Dixons Carphone hit by data breach

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Electricals retailer Dixons Carphone has admitted to a significant data breach which it discovered during a review of its systems and data.

The company determined that there had been unauthorised access to certain data, and responding by launching an investigation and engaging leading cyber security experts, while adding extra security measures to its systems.

A statement from the company noted: “We have taken action to close off this access and have no evidence it is continuing. We have no evidence to date of any fraudulent use of the data as result of these incidents. We have also informed the relevant authorities including the ICO, FCA and the police.”

While the investigation is ongoing, it indicated that there was an attempt to compromise 5.9 million cards in one of the processing systems of Currys PC World and Dixons Travel stores. However, 5.8m of these cards have chip and pin protection. The data accessed in respect of these cards contains neither pin codes, card verification values (CVV) nor any authentication data enabling cardholder identification or a purchase to be made, Dixons Carphone added.

Approximately 105,000 non-EU issued payment cards which do not have chip and pin protection have been compromised. The statement said: “As a precaution we immediately notified the relevant card companies via our payment provider about all these cards so that they could take the appropriate measures to protect customers. We have no evidence of any fraud on these cards as a result of this incident.

“Separately, our investigation has also found that 1.2m records containing non-financial personal data, such as name, address or email address, have been accessed. We have no evidence that this information has left our systems or has resulted in any fraud at this stage. We are contacting those whose non-financial personal data was accessed to inform them, to apologise, and to give them advice on any protective steps they should take.”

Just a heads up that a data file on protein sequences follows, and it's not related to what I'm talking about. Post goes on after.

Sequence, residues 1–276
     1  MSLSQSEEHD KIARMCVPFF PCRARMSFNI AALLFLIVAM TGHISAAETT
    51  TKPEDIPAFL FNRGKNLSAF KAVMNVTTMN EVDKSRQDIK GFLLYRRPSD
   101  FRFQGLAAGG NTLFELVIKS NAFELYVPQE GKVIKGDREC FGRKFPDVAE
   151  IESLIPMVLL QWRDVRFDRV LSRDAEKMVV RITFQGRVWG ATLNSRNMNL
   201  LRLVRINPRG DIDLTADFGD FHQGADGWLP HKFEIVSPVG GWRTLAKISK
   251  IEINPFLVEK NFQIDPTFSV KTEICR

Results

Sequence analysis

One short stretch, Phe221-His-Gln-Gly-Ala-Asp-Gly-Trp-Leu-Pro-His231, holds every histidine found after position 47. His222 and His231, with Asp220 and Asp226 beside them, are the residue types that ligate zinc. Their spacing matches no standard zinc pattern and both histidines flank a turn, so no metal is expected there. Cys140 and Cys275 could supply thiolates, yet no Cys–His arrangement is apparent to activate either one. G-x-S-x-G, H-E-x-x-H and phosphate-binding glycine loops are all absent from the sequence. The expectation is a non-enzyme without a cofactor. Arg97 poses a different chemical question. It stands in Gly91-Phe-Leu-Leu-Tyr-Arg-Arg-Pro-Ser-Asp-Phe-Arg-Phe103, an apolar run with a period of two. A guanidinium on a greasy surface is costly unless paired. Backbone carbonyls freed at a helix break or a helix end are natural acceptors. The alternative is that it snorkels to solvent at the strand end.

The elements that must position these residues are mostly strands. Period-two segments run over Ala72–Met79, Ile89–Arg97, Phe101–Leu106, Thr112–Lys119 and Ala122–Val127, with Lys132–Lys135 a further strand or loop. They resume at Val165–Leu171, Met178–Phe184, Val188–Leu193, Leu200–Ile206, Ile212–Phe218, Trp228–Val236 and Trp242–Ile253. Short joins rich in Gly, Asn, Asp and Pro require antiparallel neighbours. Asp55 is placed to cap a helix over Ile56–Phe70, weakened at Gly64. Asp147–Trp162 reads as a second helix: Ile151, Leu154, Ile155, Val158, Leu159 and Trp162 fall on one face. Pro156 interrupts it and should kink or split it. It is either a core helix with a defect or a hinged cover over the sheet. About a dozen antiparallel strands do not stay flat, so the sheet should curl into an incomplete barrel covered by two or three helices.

Dixons Carphone chief executive Alex Baldock said: “We are extremely disappointed and sorry for any upset this may cause. The protection of our data has to be at the heart of our business, and we’ve fallen short here. We’ve taken action to close off this unauthorised access and though we have currently no evidence of fraud as a result of these incidents, we are taking this extremely seriously.

“We are determined to put this right and are taking steps to do so; we promptly launched an investigation, engaged leading cyber security experts, added extra security measures to our systems and will be communicating directly with those affected. Cyber crime is a continual battle for business today and we are determined to tackle this fast-changing challenge.”

Varonis director of sales engineers Matt Lock was among those to comment on the breach.

“The two key problems include a lack of visibility into activity around the data, which is why they only discovered it this week after an internal security review, and data being over exposed, which is why they’ve now stated they’ve locked down the open access,” he said.

“Open access – where sensitive and important information can be seen by anyone within an organisation with a computer and free time to do a little snooping – is a huge problem. We recently published a report in which we found that 41% of companies had at least 1,000 sensitive files open to all employees. Most companies are not aware of the extent of the issue or how their data is putting them, and their customers, at risk.”

Matt continued: “The responsibility and the burden is firmly on companies to limit exposure to valuable information: this includes customer data, payment information, and the crown jewels of many organisations, intellectual property. It’s about protecting anything you wouldn’t want to make its way onto the USB drive of an employee or stolen by a hacker. Exposed data can also be in danger when ransomware strikes. By securing data and limiting access to only those who need it, the potential damage of an attack can be limited.

“In many companies, data growth has gotten out of hand and they’re afraid of what they’ll find if they take a long look at all the files stored on their network. The GDPR is making organisations put their data house in order. With the GDPR, fortunately, many companies have taken a hard look at their data – what they have, where it’s located, and if they even need to keep it in the first place.”

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